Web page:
Today marks the 13th anniversary of my son’s passing. He died while rock climbing in Yosemite National Park when he was twenty-five.
I remember the year leading up to Chris’s death. Beneath all consciousness, the mystery appeared to prevail. He had visited relatives across the country and had collected his belongings from others. The weekend before leaving for Yosemite, he visited with old friends at the martial arts school that had helped him grow up. Those who saw Chris that year recall his joy, peace, and love.
Looking back, it’s as though, even as Chris lived with all his heart, the Earth couldn’t hold him. He was two when, on the eve of the birth of my daughter, he discovered stars. It seemed in that moment that a light went on inside him, which throughout life grew ever brighter. As I wrote in the book Freedom To Fall: I thought that Chris, if given the chance, would not go back and do anything differently. From the earliest age, he was always breaking out into new territory, new heights, new vistas—new realms of freedom. You could cherish Chris, but you couldn’t contain him….
I take comfort in knowing that Chris is where he is supposed to be. I know not what he is up to, how he serves God. Only that the love we had is the love we have and the love we will always have. The saving grace in loss is the soul’s endurance.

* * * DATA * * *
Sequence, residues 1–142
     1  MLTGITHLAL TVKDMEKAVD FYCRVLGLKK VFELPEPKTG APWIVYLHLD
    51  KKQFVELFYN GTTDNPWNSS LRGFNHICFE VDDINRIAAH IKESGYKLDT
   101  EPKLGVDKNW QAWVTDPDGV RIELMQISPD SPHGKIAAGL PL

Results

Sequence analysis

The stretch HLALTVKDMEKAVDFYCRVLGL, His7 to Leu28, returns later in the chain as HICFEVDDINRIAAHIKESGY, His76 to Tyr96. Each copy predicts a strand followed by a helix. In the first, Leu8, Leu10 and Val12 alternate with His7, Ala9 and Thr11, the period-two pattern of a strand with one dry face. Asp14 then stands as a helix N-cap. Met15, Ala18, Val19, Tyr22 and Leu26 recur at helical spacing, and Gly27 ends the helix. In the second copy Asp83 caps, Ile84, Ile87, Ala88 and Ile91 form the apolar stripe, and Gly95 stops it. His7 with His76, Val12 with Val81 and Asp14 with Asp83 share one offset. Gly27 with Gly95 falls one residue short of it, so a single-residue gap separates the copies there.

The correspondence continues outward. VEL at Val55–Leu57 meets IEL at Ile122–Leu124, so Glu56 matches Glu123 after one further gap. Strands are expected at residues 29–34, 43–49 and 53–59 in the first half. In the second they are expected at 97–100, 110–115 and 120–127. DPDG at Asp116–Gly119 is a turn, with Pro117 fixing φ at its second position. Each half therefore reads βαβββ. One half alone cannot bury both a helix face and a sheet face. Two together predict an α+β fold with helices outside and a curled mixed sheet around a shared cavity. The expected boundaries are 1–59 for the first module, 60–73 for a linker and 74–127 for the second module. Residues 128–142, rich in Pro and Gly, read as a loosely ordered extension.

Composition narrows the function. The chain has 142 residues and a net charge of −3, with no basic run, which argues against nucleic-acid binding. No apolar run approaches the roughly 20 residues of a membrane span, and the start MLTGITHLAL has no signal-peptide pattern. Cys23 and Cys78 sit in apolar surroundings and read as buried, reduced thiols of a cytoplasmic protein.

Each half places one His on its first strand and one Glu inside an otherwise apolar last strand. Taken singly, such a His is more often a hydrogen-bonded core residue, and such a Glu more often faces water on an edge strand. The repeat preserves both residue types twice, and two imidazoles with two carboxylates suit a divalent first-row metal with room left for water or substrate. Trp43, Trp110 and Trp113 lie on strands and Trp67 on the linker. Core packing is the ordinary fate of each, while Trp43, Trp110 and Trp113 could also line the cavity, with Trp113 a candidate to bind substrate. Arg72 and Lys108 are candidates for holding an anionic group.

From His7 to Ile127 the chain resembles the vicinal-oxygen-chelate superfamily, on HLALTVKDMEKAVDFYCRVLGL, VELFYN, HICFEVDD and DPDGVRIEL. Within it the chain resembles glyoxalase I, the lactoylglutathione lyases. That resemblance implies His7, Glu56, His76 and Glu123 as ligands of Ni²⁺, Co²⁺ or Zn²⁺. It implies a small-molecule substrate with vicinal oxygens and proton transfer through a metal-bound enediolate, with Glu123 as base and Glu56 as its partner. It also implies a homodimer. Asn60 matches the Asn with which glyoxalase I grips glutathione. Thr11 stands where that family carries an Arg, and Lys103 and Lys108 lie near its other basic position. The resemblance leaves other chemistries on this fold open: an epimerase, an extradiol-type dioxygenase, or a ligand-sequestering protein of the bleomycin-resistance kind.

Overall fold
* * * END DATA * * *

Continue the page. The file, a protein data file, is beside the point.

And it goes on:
Chris was a shining example to many whose paths he crossed. May this day be a reminder that he is with us still, even as his journey (and ours) continue on.
Communicate with Carol or order a book via her website, morningsongbooks.com.
Forgiveness sparks the soul—
when, in surrender,
I find strength to freely give
the love that God has given.
Love is for giving,
unencumbered by condition—
rendering blessed peace,
relief from stirring hunger.
May we truly spend this life,
with time still left to wonder
how forgiveness, humbly—
inspires the soul from slumber.
Turning from Presence, the path fades away—
until remembering, I follow,
intuiting how and where to step.
The wellspring rings eternal, finding entrance
as I peer through the entanglement—
to the radiance of fertile ground.
Presence lights the Way for eyes just awakened—
through the rowdy playing field,
up the still silence of Heaven.
Today is Chris’s birthday. He would have been 38. Our love remains, a golden thread spanning the ages.
Chris journeys through the sheer glow of Heaven. A rock climber in life, he now climbs unbound.
Happy birthday, dear son. I feel your humble spirit and the holy heights that beckon. May you drink from streams of milk and honey and be garlanded with stardust. You have my heart, today and always.
Living from the wellspring of the soul requires standing still—to know the truth of its resonance and wisdom.
The soul is a wayfarer, bearing witness to experience, gently whispering: Give life passage, living the freedom of love, holding the crossings of paths in light.
In stillness, the soul lifts into awakening. Through life’s fleeting nature, we traverse as one, standing our ground in God.
Eleven years ago, my son, Chris, died on a mountainside, pursuing his passion. On this anniversary day, I reflect on the blessing of his presence—God’s precious miracle.